year = "2015",
month = "4",
day = "13",
doi = "10.1145/2737095.2737101",
language = "English",
isbn = "978-1-4503-3475-4",
pages = "118--129",
booktitle = "IPSN '15",
publisher = "Association for Computing Machinery (ACM)",
address = "United States",

}

RIS

TY - GEN

T1 - Graph scale-space theory for distributed peak and pit identification

AU - Loukas, Andreas

AU - Cattani, Marco

AU - Zuniga, Marco

AU - Gao, Jie

PY - 2015/4/13

Y1 - 2015/4/13

N2 - Graph filters are a recent and powerful tool to process information in graphs. Yet despite their advantages, graph filters are limited. The limitation is exposed in a filtering task that is common, but not fully solved in sensor networks: the identification of a signal's peaks and pits. Choosing the correct filter necessitates a-priori information about the signal and the network topology. Furthermore, in sparse and irregular networks graph filters introduce distortion, effectively rendering identification inaccurate, even when signal-specific information is available. Motivated by the need for a multi-scale approach, this paper extends classical results on scale-space analysis to graphs. We derive the family of scale-space kernels (or filters) that are suitable for graphs and show how these can be used to observe a signal at all possible scales: from fine to coarse. The gathered information is then used to distributedly identify the signal's peaks and pits. Our graph scale-space approach diminishes the need for a-priori knowledge, and reduces the effects caused by noise, sparse and irregular topologies, exhibiting: (i) superior resilience to noise than the state-of-the-art, and (ii) at least 20% higher precision than the best graph filter, when evaluated on our testbed.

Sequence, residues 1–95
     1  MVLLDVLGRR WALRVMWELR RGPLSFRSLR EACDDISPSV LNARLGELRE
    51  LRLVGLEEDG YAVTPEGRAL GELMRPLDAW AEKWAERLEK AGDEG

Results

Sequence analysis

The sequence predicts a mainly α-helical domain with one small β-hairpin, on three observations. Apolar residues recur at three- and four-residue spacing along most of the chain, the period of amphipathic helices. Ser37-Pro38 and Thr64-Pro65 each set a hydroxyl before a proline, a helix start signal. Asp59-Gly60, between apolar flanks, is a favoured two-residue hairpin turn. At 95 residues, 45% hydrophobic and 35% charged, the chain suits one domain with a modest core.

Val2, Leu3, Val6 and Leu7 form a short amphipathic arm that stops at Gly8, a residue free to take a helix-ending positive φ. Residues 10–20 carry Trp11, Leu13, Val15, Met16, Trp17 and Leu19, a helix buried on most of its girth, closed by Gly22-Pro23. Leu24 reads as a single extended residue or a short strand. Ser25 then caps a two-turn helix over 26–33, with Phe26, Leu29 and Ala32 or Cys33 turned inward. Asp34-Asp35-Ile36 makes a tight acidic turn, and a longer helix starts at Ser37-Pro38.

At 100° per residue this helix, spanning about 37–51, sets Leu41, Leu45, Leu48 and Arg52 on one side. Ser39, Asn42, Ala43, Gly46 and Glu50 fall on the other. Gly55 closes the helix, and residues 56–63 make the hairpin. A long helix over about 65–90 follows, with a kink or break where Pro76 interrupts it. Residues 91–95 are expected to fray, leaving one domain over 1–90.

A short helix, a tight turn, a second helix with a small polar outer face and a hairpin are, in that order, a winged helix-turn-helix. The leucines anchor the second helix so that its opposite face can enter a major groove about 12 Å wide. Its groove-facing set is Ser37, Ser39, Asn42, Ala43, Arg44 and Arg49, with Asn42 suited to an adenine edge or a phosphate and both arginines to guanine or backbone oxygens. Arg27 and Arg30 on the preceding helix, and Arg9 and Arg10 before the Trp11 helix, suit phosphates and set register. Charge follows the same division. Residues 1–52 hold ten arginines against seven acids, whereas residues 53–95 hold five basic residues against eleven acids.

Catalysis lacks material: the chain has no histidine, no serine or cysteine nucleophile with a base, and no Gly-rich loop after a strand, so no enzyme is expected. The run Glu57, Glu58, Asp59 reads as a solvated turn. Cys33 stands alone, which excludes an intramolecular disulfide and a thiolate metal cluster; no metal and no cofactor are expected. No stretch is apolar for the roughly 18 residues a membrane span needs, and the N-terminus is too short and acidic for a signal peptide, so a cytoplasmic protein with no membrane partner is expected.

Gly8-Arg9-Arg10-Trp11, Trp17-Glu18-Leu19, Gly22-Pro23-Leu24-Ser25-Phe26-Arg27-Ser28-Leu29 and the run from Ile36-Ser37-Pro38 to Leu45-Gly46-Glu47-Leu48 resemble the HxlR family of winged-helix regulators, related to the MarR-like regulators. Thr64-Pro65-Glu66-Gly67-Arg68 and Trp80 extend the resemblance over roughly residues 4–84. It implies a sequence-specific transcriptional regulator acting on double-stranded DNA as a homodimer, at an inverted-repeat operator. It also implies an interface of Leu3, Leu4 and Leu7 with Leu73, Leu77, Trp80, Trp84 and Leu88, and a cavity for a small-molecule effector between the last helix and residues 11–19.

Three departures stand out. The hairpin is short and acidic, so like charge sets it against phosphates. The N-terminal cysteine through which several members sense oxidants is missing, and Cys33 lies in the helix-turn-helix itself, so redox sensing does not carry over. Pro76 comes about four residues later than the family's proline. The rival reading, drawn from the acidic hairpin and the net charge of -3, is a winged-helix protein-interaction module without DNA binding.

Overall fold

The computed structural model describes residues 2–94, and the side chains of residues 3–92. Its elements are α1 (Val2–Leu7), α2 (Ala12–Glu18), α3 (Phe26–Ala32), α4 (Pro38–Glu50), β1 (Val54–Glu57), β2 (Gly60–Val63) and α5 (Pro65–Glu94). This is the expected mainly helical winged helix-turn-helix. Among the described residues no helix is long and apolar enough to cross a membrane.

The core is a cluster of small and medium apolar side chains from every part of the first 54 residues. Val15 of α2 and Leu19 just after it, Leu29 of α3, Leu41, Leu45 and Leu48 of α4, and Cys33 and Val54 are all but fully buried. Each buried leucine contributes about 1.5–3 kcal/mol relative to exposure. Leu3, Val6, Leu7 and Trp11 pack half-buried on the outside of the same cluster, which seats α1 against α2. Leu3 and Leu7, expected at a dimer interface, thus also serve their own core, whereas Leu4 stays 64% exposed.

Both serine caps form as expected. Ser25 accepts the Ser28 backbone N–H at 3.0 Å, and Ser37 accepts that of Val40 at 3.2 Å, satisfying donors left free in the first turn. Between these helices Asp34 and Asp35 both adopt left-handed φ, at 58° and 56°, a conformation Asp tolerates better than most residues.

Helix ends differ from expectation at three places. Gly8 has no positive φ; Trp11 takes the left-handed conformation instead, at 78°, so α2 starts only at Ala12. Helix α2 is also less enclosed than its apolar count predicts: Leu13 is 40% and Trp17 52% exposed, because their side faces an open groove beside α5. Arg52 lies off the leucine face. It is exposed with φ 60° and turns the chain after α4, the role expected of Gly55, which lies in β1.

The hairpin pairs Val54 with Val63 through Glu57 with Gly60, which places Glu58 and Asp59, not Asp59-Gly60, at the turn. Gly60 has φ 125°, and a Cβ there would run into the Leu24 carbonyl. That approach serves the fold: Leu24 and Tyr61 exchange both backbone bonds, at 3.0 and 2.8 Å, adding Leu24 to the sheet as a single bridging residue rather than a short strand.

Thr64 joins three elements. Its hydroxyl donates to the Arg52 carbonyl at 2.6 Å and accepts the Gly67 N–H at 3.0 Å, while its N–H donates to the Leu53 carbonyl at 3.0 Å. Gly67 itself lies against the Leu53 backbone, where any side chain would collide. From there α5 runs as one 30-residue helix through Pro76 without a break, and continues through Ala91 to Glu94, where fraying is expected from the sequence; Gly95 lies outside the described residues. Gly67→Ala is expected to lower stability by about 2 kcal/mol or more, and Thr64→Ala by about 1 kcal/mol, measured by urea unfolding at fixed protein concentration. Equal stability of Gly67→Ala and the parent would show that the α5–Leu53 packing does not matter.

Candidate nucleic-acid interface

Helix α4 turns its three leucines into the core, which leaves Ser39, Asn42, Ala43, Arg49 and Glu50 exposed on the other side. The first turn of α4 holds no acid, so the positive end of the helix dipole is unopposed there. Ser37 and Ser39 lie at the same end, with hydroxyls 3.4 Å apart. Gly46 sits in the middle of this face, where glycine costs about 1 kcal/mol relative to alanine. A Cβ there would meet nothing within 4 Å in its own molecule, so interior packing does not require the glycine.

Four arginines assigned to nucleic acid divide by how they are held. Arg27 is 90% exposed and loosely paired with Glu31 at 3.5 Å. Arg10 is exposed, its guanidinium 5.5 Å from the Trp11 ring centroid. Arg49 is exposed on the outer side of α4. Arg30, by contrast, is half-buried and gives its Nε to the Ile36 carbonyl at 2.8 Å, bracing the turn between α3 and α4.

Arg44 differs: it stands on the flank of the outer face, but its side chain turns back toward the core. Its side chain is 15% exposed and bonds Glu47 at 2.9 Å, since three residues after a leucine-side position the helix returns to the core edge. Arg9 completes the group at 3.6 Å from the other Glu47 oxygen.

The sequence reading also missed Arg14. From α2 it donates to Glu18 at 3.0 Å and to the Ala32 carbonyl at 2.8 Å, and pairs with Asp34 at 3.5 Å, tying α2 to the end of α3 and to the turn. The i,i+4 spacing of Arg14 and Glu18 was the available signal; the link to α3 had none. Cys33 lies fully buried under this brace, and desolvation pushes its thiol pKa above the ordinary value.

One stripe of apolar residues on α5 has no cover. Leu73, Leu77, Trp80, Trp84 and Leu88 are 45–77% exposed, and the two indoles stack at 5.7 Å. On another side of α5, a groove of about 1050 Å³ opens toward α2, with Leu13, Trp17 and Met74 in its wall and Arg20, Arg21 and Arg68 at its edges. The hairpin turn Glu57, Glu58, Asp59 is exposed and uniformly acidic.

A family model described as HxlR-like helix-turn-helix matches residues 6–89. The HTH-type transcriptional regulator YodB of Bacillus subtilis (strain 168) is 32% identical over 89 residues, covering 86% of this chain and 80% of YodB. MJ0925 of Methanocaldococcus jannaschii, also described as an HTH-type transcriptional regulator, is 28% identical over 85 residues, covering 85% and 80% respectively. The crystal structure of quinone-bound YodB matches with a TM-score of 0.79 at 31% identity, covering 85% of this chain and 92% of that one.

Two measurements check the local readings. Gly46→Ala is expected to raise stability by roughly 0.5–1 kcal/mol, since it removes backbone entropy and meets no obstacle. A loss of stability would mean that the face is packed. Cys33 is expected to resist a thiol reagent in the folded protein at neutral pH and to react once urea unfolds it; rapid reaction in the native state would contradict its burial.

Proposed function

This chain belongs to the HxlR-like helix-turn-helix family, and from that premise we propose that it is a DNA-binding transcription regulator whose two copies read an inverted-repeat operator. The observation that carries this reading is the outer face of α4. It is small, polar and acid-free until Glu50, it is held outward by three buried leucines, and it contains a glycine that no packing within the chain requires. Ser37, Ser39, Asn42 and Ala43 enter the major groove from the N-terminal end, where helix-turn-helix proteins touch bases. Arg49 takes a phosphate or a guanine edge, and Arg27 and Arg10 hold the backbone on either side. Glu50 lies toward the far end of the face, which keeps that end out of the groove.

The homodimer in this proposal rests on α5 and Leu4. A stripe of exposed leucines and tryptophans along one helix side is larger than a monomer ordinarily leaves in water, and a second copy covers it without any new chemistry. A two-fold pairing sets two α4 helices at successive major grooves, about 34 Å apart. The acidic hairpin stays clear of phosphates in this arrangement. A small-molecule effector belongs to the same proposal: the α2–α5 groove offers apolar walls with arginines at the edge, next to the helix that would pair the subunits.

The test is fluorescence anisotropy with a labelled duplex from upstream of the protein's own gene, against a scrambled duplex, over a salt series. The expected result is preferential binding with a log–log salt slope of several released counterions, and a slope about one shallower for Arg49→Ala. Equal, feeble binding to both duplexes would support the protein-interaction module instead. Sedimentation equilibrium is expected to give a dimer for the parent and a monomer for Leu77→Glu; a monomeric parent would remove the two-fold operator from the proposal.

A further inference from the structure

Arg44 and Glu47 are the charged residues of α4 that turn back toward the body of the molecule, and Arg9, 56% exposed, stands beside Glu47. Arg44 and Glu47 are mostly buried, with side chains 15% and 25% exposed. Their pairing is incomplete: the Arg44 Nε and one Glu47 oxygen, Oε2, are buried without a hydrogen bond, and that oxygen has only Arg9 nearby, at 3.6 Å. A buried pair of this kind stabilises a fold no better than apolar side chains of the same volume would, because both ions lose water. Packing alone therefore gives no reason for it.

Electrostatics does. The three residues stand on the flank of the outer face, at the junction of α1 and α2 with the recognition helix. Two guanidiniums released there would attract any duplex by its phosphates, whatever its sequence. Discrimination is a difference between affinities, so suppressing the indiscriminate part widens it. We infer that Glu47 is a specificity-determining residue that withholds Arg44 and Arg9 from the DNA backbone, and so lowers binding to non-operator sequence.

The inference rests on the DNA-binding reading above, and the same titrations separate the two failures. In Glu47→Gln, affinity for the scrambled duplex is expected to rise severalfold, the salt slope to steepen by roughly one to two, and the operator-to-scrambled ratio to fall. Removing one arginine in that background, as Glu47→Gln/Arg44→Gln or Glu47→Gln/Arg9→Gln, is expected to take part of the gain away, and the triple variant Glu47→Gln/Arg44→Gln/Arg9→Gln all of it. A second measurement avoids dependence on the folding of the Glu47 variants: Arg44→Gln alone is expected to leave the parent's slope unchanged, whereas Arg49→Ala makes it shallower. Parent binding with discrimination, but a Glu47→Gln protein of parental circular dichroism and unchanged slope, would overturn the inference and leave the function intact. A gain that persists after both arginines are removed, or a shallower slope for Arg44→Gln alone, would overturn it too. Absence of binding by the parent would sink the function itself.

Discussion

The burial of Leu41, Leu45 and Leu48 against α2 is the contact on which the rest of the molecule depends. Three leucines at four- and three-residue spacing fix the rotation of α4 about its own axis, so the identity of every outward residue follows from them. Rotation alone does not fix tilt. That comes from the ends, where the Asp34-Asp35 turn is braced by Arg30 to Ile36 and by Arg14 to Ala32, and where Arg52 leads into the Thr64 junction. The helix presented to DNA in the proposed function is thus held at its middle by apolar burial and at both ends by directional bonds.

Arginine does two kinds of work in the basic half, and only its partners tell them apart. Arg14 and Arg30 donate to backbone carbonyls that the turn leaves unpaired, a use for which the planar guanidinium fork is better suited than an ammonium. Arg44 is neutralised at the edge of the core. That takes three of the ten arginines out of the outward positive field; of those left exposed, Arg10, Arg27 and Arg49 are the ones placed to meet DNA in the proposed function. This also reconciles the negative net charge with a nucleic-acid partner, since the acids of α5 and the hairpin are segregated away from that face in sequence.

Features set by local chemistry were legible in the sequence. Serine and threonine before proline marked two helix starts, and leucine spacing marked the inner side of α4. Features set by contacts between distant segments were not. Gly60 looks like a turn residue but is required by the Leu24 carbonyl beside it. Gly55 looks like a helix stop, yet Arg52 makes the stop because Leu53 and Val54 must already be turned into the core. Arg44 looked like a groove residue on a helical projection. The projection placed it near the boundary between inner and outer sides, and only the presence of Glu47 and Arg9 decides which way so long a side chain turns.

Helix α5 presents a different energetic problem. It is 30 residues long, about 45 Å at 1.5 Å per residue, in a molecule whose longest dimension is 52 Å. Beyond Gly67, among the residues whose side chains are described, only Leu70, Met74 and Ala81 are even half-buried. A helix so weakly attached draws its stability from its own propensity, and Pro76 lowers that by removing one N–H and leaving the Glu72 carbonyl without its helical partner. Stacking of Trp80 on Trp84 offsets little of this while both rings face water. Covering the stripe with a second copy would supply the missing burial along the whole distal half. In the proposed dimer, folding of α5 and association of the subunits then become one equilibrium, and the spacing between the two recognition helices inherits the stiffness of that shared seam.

AB - Graph filters are a recent and powerful tool to process information in graphs. Yet despite their advantages, graph filters are limited. The limitation is exposed in a filtering task that is common, but not fully solved in sensor networks: the identification of a signal's peaks and pits. Choosing the correct filter necessitates a-priori information about the signal and the network topology. Furthermore, in sparse and irregular networks graph filters introduce distortion, effectively rendering identification inaccurate, even when signal-specific information is available. Motivated by the need for a multi-scale approach, this paper extends classical results on scale-space analysis to graphs. We derive the family of scale-space kernels (or filters) that are suitable for graphs and show how these can be used to observe a signal at all possible scales: from fine to coarse. The gathered information is then used to distributedly identify the signal's peaks and pits. Our graph scale-space approach diminishes the need for a-priori knowledge, and reduces the effects caused by noise, sparse and irregular topologies, exhibiting: (i) superior resilience to noise than the state-of-the-art, and (ii) at least 20% higher precision than the best graph filter, when evaluated on our testbed.

UR - http://www.scopus.com/inward/record.url?scp=84954184547&partnerID=8YFLogxK

U2 - 10.1145/2737095.2737101

DO - 10.1145/2737095.2737101

M3 - Conference contribution

SN - 978-1-4503-3475-4

SP - 118

EP - 129

BT - IPSN '15

PB - Association for Computing Machinery (ACM)

CY - New York, NY

ER -

ID: 46986366